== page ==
Today’s topic: the raw realism of Goodfellas. The gangster genre is one that has been popular since the early 1930s, with the original Scarface and Public Enemy, and it went on to be recognized as one of the most well received genres of cinema. In the early 70s, the world and history met the grandeur of The Godfather and The Godfather Part II, two films that are today known as the finest filmmaking achievements of all time. Then we had Scarface (1983), Once Upon a Time in America, The Untouchables, A Bronx Tale and Donnie Brasco. In the last decade or so we’ve met other contributions such as Road To Perdition and The Departed. It seems as if the lifestyle led by gangsters and no-do-gooders is something that appeals to audiences and sucks them right in. And we always hear people saying: “The Godfather is the best film ever made” or “Scarface is so cool and so violent”, and of course they are great examples of a Hollywood way of making films that is slowly vanishing. However, I feel like we tend to get stuck in time. We love these movies because they show a world of gangsters that are noble, know how to respect the rules, murders are clean, and where there is no such thing as “get dirty”. It was back when the idea of the American dream was it its most powerful, most visible. What I intend to do is try and look at what is so mind blowing and refreshing about Martin Scorsese’s epic, Goodfellas.
Wait, not epic. It’s not. Epic would mean that it’s a colossal hit that everyone knows and loves, just like The Godfather. It’s impossible not to like it, right? That’s why I prefer Goodfellas. I love it because it’s thought provoking and still is more innovative than what comes out of Hollywood these days. It’s a shocking portrayal of what seemed to many as the perfect way to live – money, women, cars, easy life – well no. Goodfellas denies the romantic qualities of the previous gangster movies. It’s like rock’ n ‘roll; it’s fast, loud, dirty and it smashes you over the head. It’s unexpected. Henry Hill’s story, that of a gangster who’s been the middle man in a large family for over twenty years and finally turned into witness protection after pointing out the bosses to the FBI, is a true story that is still looked upon as one of the most fascinating experiences ever told on film. And who would be better at directing it than the one and only, Martin Scorsese? Scorsese. Someone who’s seen it with his own eyes. Someone who lived surrounded by those kind of people. Someone who breathed the same air as they did. The director is the energy. The actors the power. The combination is deadly.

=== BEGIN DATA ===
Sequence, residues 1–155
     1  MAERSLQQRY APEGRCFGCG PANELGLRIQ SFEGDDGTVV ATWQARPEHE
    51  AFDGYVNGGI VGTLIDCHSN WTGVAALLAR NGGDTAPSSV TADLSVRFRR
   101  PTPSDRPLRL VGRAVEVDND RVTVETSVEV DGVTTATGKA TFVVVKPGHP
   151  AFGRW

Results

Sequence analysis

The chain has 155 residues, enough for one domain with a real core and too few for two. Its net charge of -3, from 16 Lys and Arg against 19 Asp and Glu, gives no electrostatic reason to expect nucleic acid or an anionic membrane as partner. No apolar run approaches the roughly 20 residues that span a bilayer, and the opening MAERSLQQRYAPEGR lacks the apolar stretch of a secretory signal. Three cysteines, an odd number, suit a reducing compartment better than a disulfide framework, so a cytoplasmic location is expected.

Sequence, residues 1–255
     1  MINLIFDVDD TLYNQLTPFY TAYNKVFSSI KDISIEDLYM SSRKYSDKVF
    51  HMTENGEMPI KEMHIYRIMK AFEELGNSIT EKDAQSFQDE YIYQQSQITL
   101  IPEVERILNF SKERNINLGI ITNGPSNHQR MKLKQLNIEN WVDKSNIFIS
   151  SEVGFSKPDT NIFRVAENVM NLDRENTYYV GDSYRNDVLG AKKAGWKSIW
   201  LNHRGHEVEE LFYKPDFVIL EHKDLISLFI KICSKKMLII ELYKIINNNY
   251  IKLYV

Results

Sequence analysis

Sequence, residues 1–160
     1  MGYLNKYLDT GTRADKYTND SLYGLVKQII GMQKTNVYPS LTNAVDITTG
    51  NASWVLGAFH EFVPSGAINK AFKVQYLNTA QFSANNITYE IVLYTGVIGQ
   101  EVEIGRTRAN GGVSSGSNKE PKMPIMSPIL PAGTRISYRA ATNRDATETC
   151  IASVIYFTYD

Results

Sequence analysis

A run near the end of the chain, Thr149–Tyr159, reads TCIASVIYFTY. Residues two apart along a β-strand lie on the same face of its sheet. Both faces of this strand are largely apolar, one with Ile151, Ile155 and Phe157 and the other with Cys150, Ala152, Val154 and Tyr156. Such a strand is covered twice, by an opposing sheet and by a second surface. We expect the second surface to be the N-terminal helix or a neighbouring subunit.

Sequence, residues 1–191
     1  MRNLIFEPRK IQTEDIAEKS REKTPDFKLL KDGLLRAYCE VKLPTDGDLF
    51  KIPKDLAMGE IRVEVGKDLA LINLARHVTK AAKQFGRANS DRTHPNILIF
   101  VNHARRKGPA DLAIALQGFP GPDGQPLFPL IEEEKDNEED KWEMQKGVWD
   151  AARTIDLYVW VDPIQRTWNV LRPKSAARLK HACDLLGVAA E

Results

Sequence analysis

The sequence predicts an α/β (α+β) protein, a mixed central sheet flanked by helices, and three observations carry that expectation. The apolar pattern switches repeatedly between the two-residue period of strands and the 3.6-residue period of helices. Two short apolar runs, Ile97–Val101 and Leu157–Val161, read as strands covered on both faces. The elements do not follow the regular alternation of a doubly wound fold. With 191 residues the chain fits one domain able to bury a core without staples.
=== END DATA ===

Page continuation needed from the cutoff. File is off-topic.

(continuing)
You can’t compare Goodfellas to anything. Not even Scorsese’s later gangster biopic, Casino (1995). It’s unlike any contribution to cinema. The groundbreaking direction is part of the unnerving realism; look at the role played by the tracking shots — when Henry hears about his girlfriend being disrespected by some hood, he parks his car in the driveway, sees the guy in the rearview mirror, packs his gun and exits the car. He walks toward the hood with fury burning in his eyes and how does Scorsese capture it? In one single tracking shot. He shoots Henry walking up to the guy and bashing his skull in with the butt of his gun, and then going back to his girlfriend’s house in one take. Would it have made a difference if it was filmed with many single takes? Yes, it would have been the typical beat-up scene we find in almost every movie and TV show. Yet here, Scorsese decided to film it as if we were witnessing the scene from next door, leaving us with our mouths open, cringing. Even the cinematographer, Michael Ballhaus, has said in an interview that the particular scene I just mentioned was the hardest job he’s ever done – he’d close his eyes every time Ray Liotta’s character hit the hood’s forehead with the butt of his revolver, ruining the whole take. That’s what I call riveting filmmaking. To make an impression and leave it there forever. Leave an unwashable stain that will haunt us for days to come.